Do you ever watch those home remodeling shows on TV?  A few of them start out as simply easy rehabs that turn into major (and expensive) remodels.  A lot of them, though, seem to focus on homes that people choose, then take on major renovations - walls knocked out, new flooring, expanded kitchens or baths.  In reality, the end result is a brand new home - no minor remodel, but a major renovation into something new and wonderful.

Too often, Christians consider their identity in Christ as a minor remodel - put your faith in Christ, take on a new moral here or there, and give up some habit contrary to our faith.  But for the most part, don’t get too crazy with that identity-in-Christ thing.  Surely we don’t have to go over the deep end with a complete turn-around in our lifestyle…Do we?

This minor remodel approach to Christianity falls far short of the biblical vision.  Maybe this new year might be a good opportunity to reflect on a passage in Ephesians that goes in depth as to what it means to think and live as a Christian.  (Yes, it involves more than a coat of paint or scented candles in the foyer.)

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Better Than a Submarine!

Do they still publish the Neiman Marcus Christmas catalog?  Do you remember the outrageous gift selections for the very wealthy?  His-and-hers submarines, hot air balloons (not a ride, but the balloon itself), an Egyptian sarcophagus, even a trip to outer space…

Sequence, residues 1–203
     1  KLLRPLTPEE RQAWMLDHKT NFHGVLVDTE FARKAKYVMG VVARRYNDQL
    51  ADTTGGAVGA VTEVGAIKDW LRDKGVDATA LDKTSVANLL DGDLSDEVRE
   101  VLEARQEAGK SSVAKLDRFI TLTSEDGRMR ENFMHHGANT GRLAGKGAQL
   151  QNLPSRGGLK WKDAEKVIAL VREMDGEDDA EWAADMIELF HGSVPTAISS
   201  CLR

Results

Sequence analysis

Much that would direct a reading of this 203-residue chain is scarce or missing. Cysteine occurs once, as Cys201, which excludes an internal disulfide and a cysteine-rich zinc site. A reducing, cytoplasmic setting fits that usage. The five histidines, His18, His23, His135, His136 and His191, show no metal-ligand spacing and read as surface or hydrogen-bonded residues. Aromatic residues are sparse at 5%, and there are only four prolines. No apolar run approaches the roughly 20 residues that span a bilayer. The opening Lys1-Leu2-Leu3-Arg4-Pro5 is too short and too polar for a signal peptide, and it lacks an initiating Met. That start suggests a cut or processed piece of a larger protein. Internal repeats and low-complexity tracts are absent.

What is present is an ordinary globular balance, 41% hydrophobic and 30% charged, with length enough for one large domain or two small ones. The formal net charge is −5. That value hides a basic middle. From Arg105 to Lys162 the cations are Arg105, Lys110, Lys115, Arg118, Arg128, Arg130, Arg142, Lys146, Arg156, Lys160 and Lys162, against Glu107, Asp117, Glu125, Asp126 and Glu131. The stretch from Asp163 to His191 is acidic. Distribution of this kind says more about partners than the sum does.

Maybe these are not on the top of your list this year, but don’t we all have an expectation of hope that doesn’t go away with age?  If our hope is in Christmas, we most likely will be disappointed.  If our hope, though, is in Christ, this truly can be the “most wonderful time of the year.”

Wise men brought unusual gifts to Jesus at His birth.  Have you stopped to think, though, that the very first Christmas gift was not something for Jesus?  The first Christmas gift was Jesus Himself!  At its best, Christmas is a promise of something no holiday or earthly gifts can satisfy.  Galatians 4:4-5 says, “But when the time had fully come, God sent His Son, born of a woman, born under law, to redeem those under law, that we might receive the full rights of sons (and daughters).”